How Does Home Foreclosure Work?

In today’s faltering economy, homeowners are facing foreclosure in increasing numbers. With mounting debt, rising unemployment rates, and without of accessibility to credit, many families are falling behind on their bills and are ultimately left with no option but to default on their mortgages.

With home foreclosure a predominant topic in the news, it is important to understand what foreclosure method and how the time of action works.

Foreclosure is essentially the forced sale of a home. When a borrower defaults on his or her mortgage payments, the lender (or other lien-holder) then has the right, as stated in the mortgage agreement, to legally repossess the character. The mortgage holder may then offer the character for sale. The proceeds of the sale must be used to satisfy the noticeable loan balance. After the loan is settled, any remaining lien-holders are reimbursed, and the remaining equity (if any) is returned to the borrower.

The actual procedure of home foreclosure varies from state to state, but the same basic course of action applies in most situations.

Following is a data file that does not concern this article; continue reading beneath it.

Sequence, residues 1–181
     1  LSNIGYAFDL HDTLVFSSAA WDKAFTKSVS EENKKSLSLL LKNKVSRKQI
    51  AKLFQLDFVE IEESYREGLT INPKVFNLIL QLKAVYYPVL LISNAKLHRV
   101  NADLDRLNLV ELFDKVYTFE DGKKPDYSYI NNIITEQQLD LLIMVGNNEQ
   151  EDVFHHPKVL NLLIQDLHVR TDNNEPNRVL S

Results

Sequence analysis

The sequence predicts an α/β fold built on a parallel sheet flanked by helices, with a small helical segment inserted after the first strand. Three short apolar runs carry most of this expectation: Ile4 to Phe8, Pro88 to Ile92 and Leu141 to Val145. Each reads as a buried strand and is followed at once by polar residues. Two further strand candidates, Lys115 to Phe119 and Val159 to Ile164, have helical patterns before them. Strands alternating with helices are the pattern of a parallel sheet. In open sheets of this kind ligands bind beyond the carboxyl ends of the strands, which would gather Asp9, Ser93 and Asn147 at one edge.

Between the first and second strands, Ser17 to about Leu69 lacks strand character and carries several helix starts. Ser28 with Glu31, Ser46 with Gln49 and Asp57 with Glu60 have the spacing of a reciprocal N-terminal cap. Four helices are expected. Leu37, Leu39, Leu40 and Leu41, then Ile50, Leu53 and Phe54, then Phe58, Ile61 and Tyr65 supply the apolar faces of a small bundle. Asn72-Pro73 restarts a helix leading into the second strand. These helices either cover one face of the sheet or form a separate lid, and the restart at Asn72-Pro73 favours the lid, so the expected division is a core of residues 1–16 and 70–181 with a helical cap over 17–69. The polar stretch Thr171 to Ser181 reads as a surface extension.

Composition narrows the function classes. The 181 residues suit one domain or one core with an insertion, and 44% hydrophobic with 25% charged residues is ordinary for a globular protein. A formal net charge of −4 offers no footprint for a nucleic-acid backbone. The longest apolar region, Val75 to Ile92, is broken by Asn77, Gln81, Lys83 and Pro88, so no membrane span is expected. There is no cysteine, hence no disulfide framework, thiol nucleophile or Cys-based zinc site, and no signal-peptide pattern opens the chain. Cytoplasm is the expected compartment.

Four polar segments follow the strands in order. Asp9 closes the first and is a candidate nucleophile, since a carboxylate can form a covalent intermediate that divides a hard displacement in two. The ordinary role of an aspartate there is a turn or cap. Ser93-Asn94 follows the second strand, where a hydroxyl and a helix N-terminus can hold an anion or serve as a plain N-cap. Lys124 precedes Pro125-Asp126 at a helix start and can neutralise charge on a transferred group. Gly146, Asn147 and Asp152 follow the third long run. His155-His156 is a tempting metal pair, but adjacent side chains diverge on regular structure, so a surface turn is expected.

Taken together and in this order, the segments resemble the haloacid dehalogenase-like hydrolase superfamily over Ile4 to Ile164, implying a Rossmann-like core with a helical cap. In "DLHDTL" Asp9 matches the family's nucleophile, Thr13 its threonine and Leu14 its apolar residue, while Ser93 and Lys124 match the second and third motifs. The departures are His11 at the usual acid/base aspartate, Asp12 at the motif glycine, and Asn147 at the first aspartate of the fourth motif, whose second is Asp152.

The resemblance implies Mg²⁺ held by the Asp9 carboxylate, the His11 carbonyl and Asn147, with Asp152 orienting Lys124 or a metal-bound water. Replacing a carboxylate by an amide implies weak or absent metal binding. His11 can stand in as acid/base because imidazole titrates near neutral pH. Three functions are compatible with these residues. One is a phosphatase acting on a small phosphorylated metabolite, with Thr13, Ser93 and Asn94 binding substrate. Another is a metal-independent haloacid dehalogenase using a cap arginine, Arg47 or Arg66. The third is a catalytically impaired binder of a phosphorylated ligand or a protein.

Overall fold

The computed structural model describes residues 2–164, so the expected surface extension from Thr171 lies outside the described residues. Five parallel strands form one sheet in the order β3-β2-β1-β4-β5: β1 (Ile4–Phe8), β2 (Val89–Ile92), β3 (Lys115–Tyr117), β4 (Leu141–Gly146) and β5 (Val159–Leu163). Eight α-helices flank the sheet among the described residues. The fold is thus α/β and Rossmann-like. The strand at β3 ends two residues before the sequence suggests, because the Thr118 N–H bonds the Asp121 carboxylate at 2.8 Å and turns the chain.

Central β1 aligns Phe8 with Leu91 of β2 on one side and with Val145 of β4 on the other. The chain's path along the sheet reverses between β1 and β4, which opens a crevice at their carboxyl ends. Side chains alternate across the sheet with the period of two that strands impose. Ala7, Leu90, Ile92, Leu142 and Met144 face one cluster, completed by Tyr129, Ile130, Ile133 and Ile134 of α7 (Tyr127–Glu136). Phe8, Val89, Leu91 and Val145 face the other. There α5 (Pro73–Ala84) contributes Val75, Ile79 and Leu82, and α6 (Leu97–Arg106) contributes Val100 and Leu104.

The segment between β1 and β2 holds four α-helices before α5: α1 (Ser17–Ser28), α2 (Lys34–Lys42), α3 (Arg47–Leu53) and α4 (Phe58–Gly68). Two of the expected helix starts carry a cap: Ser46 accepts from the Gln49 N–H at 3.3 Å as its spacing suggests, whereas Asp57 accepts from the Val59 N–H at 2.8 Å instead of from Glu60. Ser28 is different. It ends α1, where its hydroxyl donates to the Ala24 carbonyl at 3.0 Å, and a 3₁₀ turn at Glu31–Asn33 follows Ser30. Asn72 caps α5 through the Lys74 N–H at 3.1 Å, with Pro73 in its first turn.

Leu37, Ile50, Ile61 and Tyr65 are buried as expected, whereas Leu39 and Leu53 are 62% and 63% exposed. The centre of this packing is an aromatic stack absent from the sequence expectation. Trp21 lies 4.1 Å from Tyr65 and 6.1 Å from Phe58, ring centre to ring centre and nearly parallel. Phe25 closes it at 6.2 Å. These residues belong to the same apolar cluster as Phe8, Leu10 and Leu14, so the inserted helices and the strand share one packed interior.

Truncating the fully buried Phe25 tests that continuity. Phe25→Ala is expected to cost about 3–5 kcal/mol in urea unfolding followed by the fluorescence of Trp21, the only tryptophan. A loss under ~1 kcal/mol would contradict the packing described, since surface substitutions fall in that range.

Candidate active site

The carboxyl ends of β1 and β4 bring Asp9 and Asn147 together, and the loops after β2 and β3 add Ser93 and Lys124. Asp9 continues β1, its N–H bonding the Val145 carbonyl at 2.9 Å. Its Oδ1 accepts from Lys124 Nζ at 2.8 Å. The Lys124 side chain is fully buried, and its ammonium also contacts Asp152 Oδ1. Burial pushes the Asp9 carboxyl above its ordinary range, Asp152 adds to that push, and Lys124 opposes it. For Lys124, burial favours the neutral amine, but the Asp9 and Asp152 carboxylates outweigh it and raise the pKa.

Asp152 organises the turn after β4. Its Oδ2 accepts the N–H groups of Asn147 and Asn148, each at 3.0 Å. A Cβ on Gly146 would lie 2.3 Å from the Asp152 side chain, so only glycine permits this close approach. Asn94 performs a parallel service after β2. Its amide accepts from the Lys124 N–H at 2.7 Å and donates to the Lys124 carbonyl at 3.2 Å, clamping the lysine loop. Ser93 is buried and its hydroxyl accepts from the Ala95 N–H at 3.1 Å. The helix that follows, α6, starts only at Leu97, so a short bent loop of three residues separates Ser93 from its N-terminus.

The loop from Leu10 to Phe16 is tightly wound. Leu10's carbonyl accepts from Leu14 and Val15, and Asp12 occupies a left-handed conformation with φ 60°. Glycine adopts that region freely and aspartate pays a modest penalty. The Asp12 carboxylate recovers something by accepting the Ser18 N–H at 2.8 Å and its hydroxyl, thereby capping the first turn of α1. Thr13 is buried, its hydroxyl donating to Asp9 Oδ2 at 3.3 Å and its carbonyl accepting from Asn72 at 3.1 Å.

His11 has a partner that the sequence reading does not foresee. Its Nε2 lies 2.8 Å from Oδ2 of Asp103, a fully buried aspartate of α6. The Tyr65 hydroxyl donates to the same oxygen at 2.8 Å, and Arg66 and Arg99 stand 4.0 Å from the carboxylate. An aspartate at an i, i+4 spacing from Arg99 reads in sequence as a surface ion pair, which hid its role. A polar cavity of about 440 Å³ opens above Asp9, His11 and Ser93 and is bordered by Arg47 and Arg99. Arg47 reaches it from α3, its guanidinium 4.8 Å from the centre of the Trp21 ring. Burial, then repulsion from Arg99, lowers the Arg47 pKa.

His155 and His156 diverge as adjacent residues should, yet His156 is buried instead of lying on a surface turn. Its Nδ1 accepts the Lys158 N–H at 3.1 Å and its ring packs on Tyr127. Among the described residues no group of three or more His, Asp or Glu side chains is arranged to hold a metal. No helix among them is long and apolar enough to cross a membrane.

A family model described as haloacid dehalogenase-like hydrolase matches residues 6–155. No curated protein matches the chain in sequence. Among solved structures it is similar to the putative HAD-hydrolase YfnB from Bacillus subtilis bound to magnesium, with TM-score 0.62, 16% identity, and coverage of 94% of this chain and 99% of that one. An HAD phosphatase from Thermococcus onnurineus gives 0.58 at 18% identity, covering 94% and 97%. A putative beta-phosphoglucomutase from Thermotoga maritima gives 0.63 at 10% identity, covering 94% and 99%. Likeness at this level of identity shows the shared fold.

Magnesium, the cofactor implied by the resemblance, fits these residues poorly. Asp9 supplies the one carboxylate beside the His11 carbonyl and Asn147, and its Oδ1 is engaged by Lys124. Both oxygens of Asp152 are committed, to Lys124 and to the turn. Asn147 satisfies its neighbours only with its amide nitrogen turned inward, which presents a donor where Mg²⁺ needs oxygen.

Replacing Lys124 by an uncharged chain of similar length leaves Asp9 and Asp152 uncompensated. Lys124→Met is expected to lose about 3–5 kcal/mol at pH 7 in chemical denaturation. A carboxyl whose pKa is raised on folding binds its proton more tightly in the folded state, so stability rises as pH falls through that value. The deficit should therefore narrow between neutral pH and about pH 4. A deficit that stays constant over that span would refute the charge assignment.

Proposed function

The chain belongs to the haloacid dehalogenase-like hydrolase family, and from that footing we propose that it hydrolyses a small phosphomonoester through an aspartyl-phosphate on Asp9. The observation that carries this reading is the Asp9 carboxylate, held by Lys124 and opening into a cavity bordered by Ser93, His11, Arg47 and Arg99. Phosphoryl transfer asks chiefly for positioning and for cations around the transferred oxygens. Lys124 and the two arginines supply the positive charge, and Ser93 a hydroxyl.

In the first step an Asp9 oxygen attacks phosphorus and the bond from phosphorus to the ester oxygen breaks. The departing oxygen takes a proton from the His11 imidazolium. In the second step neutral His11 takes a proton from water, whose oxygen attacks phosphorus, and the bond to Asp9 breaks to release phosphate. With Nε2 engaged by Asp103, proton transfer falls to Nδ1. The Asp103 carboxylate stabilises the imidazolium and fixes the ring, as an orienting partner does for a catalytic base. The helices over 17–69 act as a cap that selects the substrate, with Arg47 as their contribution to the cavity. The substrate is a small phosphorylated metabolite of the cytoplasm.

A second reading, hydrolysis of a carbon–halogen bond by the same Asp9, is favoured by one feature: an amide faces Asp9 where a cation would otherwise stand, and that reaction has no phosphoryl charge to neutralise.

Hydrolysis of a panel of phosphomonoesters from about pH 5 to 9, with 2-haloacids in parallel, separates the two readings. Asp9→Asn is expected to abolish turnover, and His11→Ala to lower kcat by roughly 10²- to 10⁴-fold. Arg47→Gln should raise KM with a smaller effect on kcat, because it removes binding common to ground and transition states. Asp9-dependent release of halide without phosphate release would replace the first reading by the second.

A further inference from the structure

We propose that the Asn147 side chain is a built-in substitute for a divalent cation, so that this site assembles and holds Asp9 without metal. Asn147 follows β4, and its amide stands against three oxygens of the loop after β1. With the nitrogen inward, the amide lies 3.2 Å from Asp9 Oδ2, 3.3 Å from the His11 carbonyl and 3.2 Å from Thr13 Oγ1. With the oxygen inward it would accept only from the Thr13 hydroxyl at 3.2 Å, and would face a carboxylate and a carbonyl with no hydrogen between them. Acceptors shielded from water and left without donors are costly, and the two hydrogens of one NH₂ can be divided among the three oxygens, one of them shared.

First, the loan becomes delinquent, meaning the borrower has ceased to make payments; the borrower goes into what is called default. The default period lasts for approximately three months, during which time the lender attempts to contact the borrower to position repayment.

Once the loan is in default, the lender files a public Notice of Foreclosure announcing the intent to foreclose on the character. The borrower will then be notified, either by personal service or by publication in a newspaper, that the character is being foreclosed.

At this point, a date will be set for a court proceeding. While the court date is pending, the borrower may continue to negotiate with the lender to settle upon a repayment plan. During this period, the borrower may keep in the home. If no settlement is agreed upon, the foreclosure will generally be granted by the court.

Once the lender has been granted the foreclosure, the occupants may be evicted by the sheriff and the character sold. Foreclosure similarities are sold either by normal real estate procedures or by public auction. Depending on the exact procedure for each state, the complete course of action can take anywhere from 2 months to a complete year.

After the Notice of Foreclosure has been filed, a homeowner will receive many mail offers to refinance or buy the home. Not all of these are authentic, and it is advisable for the borrower to negotiate directly with the mortgage holder in any attempt to prevent a foreclosure.

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